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In God We Trust

This has been one of those weeks when we hear news that several church members are now going through hard seasons. Hard seasons happen to all of us, and we rarely see them coming.

There is a great story in I Kings 17 about a woman in a dark and scary season of life. The nation is going through a famine, and everyone is feeling the effects of this plight. The prophet of God, Elijah, has run out of food and water and so God directs him to go to Zarephath and a find a widow there who will feed him. He finds the woman gathering sticks for a fire at the edge of town and he requests her help. We know from scripture this widow was wealthy enough to own a home, but now the famine is even impacting those of means. No one is immune from famine, and no one is feeling much hope.

I have always liked this story because the woman holds nothing back. When asked to help the prophet, her answer is deeply honest. “As surely as the LORD your God lives,” she replied, “I don’t have any bread—only a handful of flour in a jar and a little olive oil in a jug. I am gathering a few sticks to take home and make a meal for myself and my son, that we may eat it—and die” (1 Kings 17:12 NIV). I have always read this with the assumption that the widow has sarcasm in her voice when she speaks to the prophet. I imagine she is thinking, you got to be kidding, right?

Why would God send this prophet to her when He doesn’t seem to care that the widow and her son are running out of food? They are on the edge of starving to death. Yet if you read the whole story in I Kings 17, the woman’s response to the prophet ends up being the answer to her problem. After she feeds the prophet, her oil and flour never run out until the famine is finally over.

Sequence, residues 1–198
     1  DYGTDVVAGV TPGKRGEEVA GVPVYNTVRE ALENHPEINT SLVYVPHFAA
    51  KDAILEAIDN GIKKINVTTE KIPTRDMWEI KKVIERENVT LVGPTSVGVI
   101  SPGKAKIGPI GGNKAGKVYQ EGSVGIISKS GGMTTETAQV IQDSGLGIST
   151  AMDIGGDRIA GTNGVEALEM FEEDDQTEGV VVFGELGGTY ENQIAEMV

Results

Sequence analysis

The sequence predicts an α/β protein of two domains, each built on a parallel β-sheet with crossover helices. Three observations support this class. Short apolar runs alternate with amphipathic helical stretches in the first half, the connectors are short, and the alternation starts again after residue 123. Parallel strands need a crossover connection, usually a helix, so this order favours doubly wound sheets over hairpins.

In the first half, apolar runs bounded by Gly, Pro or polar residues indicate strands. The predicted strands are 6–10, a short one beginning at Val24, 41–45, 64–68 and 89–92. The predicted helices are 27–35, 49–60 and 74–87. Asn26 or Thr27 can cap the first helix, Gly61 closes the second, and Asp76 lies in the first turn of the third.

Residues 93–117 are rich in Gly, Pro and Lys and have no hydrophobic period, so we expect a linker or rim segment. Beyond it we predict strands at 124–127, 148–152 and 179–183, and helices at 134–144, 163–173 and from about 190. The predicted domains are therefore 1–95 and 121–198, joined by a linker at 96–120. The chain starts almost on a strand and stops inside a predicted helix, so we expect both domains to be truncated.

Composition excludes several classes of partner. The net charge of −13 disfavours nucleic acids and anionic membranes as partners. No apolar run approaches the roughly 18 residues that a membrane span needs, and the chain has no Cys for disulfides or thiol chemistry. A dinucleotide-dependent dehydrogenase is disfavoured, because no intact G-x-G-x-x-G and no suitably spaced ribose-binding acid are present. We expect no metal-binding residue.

Have you ever felt like that? One thing after another goes wrong and it leaves you feeling totally overwhelmed and you are silently saying to God, are you kidding me? God asks her to feed the prophet when she does not have enough for her own family. This is not the way one would expect God to work, but it is the way He usually answers our prayer. He asks us to trust him.

Often this is also a call to action. Trust followed by action. To act on that trust even if it feels senseless. It is our response to God that grows us in the faith. Giving what little food you have left away seems ridiculous, but sometimes it is the best way to say, I trust you God to be the answer.

If you are in a similar season right now, don’t shy away from actively practicing your faith. Put your trust in God and get ready to take some action. It might just end up being the answer to your situation.


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